Recent studies of the ceramide pathway have shown a mitochondrial role in its regulation. It has been shown that the mitochondrion swells prior to apoptosis (Matthews, 1983) and its respiration chains are damaged in the early phase of cell death (Schulze-Osthof et al., 1992). With its central role in ATP synthesis, damage to mitochondrial function leads to decreased ATP levels and consequential cell damage. Furthermore, Lennon et al. (1991) showed that reactive oxygen species (ROS) are implicated in apoptosis, and with mitochondrion being the main source of ROS, the mitochondrion implicated in playing a direct role in regulated apoptosis. Moreover, Lanord et al. showed that the oxidative stress caused by these ROS decrease the activity of the mitochondrial respiratory enzyme complex I (of the electron transport chain). Another possibile link to apoptosis lies in the mitochondrion's release of calcium ions. Richter (1993) has shown that calcium levels are heightened during the apoptotic process. Yet with all the potental roles and pathways leading from mitochondrial processes, no definitive evidence links mitochondrial function to the apoptotic response.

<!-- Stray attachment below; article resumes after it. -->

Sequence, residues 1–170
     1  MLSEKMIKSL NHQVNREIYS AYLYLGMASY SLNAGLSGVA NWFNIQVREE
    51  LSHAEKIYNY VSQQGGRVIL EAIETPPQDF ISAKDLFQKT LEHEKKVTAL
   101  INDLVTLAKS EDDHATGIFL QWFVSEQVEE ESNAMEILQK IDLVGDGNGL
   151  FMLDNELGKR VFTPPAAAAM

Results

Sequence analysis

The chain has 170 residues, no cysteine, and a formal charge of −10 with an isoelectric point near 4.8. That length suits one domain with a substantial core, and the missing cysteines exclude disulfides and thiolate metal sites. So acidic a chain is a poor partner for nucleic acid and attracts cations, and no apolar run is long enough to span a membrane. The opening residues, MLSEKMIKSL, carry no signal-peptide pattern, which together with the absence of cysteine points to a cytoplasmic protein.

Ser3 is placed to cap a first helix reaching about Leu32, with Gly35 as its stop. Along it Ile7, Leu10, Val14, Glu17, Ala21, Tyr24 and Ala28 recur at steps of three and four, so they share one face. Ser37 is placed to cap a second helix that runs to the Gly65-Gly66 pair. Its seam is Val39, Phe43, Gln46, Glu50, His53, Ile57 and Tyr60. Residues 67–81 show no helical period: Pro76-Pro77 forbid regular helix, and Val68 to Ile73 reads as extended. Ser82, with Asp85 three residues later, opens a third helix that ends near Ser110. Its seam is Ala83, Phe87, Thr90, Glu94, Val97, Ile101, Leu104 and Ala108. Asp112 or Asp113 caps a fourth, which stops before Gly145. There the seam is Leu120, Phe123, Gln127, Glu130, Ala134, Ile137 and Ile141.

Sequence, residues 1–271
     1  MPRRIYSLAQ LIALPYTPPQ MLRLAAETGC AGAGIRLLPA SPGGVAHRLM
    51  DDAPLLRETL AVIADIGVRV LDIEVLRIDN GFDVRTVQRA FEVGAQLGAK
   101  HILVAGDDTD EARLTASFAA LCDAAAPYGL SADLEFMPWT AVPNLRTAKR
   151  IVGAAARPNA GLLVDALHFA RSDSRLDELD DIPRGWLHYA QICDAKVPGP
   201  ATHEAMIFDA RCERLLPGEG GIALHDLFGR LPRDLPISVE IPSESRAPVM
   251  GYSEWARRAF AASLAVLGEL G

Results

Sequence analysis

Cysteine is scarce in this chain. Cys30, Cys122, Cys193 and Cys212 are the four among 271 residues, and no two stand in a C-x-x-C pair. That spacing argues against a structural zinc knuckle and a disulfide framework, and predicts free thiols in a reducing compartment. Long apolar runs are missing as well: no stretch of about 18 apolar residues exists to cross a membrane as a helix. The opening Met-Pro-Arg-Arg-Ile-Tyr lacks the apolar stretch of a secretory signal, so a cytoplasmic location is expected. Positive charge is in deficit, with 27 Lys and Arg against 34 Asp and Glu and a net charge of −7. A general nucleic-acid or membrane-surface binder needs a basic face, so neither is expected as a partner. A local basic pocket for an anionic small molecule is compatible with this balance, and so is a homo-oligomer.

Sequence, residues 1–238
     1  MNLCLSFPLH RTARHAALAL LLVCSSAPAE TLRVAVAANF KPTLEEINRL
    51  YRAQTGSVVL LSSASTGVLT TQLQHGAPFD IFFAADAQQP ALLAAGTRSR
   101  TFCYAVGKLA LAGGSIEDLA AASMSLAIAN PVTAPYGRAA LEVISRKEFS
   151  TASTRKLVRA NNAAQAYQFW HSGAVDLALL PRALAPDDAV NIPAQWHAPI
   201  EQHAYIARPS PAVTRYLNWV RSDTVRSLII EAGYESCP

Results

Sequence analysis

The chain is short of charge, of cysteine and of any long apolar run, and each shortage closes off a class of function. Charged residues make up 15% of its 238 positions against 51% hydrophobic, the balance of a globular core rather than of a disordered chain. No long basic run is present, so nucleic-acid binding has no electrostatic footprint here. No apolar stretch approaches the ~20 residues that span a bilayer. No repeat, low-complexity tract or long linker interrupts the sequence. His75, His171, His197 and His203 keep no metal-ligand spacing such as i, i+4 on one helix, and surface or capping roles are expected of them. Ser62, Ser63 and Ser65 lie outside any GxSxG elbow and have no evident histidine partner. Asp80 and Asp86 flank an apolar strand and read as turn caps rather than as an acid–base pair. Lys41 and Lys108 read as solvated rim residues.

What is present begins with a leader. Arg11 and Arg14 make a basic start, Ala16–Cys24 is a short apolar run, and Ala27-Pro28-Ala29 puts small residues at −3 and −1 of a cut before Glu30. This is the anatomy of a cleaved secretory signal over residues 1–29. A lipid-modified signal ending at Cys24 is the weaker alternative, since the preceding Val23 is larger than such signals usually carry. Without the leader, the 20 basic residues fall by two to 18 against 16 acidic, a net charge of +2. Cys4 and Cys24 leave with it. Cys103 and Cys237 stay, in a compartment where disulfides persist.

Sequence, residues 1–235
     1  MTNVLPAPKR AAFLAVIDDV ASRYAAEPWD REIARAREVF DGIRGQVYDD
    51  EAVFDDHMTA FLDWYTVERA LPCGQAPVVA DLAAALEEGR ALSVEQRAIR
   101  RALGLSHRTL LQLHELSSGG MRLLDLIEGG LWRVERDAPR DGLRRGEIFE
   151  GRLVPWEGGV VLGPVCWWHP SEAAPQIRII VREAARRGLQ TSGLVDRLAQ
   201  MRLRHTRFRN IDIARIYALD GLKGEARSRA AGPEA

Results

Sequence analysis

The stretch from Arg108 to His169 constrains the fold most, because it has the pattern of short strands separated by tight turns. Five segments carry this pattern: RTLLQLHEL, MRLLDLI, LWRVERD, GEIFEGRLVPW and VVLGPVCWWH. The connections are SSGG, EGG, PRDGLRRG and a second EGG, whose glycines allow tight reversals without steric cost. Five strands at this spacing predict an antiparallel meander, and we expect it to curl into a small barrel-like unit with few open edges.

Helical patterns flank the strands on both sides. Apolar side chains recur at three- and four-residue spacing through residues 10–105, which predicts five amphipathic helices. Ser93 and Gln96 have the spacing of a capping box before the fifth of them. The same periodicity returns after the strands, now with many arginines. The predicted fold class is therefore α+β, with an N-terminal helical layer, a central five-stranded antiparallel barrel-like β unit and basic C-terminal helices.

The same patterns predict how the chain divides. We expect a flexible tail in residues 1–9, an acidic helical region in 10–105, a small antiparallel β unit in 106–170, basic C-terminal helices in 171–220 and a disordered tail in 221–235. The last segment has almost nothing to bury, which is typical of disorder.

Using C6 ceramide assay studies, we have begun to further dissect and elucidate the role of the mitochondrion on ceramide dependent apoptosis. Specifically, we show that phosphatase inhibitors and mitochondrial electron transport chain blockers effect the apoptotic response in cells following a ceramide regulated cell death process.

Materials

The RPMI-1640 medium was purchased from Gibco. The hygromycin and fetal calf serum (FCS) were obtained from Cal Biochem. The EDTA, Tris-glycine, sodium dodecyl sulfate (SDS), rotenone, calyculin, and Enhanced Chemiluminescence (ECL) Western Blotting Detection reagents were purchased from Sigma. Anti-cytochrome c antibody and anti-PARP antibody were obtained form Pharmingen. Bio Rad provided the goat-anti- mouse antibody and the goat-anti-rabbit antibody. The C6-ceramide and the poly- acrylamide gels were made in the lab.

Cell lines

Molt-4 leukemia cells were obtained from Duke University Medical Center. All cell lines were grown in RPMI-1640 medium with 10% FCS and hygromycin. The cells were grown at 37°C in an atmosphere of 95% air and 5% CO2. Cell cultures were split every 3-5 days.

Cytochrome c release and PARP proteolysis with C6-ceramide

Molt-4 leukemia cells of 2 x 106/ml were diluted to 5 x 105/ml in 2% FCS/RPMI and treated for 0, 2, 4, 6, or 8 hours with 20µM C6-ceramide. Cells were harvested by centrifugation, suspended in 150µL of lysis buffer with sucrose (6µL saved for PARP proteolysis) and lysed for 10 minutes at 450 psi by nitrogen cavitation. The mitochondrial pellet and 100,000 x g supernate were retained and the protein concentration was determined so that cytochrome c release could be observed using Western blot technique. PARP proteolysis was simlarly observed using Western Blot technique.